Games of Love and Chance (L'Esquive) (2005) - Rotten Tomatoes

Games of Love and Chance (L'Esquive) (2005)



Critic Consensus: No consensus yet.

Games of Love and Chance (L'Esquive) Photos

Movie Info

Krimo schemes his way into acting in a play in order to get closer to Lydia, the divaesque lead actress, whom he loves. This is not your typical high-school comedy, however, but a reality-based romance set in the housing complexes that ring Paris. The inhabitants are mostly disadvantaged North Africans and the play is an 18th-century comedy whose language is as far from French slang as Shakespeare is from rap.
Art House & International , Comedy , Drama , Romance
Directed By:
Written By:
In Theaters:
New Yorker Films


Meriem Serbah
as Krimo's Mother
Rachid Hami
as Rachid
Show More Cast

Critic Reviews for Games of Love and Chance (L'Esquive)

All Critics (17) | Top Critics (7)

Mostly a monotonous din of kids trashing one another.

October 14, 2005
Seattle Times
Top Critic

It is a provocative and potentially rich premise, to be sure, but the execution here is somewhat lacking.

September 16, 2005
Hollywood Reporter
Top Critic

This graceful and sympathetic look at how the lives of teenagers intersect with a work of literature won several César awards in France.

Full Review… | August 31, 2005
New York Times
Top Critic

Kechiche extracts breathtakingly disciplined performances from all of his first-time actors, and truly magical ones from Forestier as the prematurely full-blown diva Lydia and Sabrina Ouazani as Frida, her motor-mouthed partner in theatrical crime.

August 31, 2005
Top Critic

A work of drama, it's more realistic than any TV reality show.

August 31, 2005
New York Post
Top Critic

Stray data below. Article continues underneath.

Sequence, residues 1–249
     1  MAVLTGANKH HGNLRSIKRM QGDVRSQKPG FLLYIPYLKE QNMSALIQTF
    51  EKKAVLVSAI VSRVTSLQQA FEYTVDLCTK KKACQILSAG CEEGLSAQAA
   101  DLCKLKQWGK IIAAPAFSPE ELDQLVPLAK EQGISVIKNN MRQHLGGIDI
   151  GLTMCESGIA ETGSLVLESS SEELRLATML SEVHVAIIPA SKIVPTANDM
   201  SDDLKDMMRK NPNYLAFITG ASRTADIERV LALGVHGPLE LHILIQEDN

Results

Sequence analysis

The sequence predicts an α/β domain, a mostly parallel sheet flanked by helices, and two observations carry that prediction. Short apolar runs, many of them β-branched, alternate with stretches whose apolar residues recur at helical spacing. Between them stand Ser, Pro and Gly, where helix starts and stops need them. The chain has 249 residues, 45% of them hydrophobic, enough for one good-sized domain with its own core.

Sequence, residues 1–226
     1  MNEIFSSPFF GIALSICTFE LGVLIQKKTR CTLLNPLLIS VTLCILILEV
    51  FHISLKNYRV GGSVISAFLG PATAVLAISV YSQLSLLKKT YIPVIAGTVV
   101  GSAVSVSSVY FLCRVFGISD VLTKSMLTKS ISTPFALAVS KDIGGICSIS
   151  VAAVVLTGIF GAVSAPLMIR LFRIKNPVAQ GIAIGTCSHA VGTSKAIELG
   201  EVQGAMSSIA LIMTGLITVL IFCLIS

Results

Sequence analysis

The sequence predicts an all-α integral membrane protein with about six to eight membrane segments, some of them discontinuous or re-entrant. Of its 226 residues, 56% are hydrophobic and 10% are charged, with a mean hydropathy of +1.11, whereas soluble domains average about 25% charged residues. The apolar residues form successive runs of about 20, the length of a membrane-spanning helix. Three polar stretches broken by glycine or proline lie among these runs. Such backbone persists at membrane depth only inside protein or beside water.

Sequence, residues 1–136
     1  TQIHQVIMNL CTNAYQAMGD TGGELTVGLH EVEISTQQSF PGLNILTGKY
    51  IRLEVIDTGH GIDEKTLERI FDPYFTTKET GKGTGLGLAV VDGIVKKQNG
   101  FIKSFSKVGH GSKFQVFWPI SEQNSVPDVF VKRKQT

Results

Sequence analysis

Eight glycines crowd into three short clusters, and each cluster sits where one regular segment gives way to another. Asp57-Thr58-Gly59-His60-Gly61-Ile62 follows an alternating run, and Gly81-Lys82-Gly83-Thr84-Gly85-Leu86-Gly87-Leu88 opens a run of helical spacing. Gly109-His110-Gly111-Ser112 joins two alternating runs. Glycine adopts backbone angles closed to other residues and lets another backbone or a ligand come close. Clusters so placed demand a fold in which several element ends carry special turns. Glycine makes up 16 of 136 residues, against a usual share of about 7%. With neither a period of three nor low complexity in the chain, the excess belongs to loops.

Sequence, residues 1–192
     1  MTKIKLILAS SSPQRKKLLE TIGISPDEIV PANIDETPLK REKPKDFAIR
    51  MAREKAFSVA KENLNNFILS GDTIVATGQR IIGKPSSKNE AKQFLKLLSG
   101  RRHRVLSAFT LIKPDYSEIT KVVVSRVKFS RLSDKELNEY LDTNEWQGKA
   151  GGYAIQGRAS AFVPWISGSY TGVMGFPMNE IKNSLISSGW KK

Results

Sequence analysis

Reading between the cuss words, the movie glimpses a sunny teen innocence just before it darkens irreversibly into adulthood.

Full Review… | August 30, 2005
Village Voice
Top Critic

Audience Reviews for Games of Love and Chance (L'Esquive)

I had several problems with the film L'Esquive. There were some good things about it, but there were some things I could not get past. All of the problems I had with this movie were because the point of the movie was to be real, but there were parts that were not realistic. The thing that bothered me the most was the incessant arguing. I have no problem with the fact that they were arguing, but the way it was done was wrong. I felt like either side in an argument were just throwing out words rather than actually responding to what the other person was saying. It became apparent during the argument between Lydia and Frida. I noticed it in the dispute between the shop owner and Lydia at the beginning of the movie as well. There were several other parts that this happened including the confrontation of Magali and Lydia's friends. There was no attempt at debate. It was just shouting, and it did not seem very real to me. The arguing was such a large part of the movie, yet to me, it was not done very well. I also think it lacked any emotional connection to the characters and the audience. It really never developed the relationships between any of the characters in the movie except Lydia, Nanou, and Frida. However, those three were constantly fighting so it was still difficult to interpret their relationship. The relationship between those three was one that they all looked out for each other. None of the other characters seemed like they were that close. It did not describe how they met or why they are friends, other than the fact that they look after one another, but it never explained why they chose each other to be friends, and not any of the other people. Therefore, the audience lacked a connection to the characters. As a viewer, I felt distanced from the people in the movie. I think many people would say it was boring because you, as a viewer, were not involved. I could have cared less about the outcome of the relationship between Krimo and Lydia. It accomplishes some good things in its cinema verité style, but it is poorly executed in the end.

Garrett Ahmad
Garrett Ahmad

I absolutely love it. It's a deeply moving coming of age story that takes place in the banlieue. Does an excellent job at evoking the tough nature of what that kind of life is like while also taking into account the normal, universal things we all go through.

Coco Marie
Coco Marie

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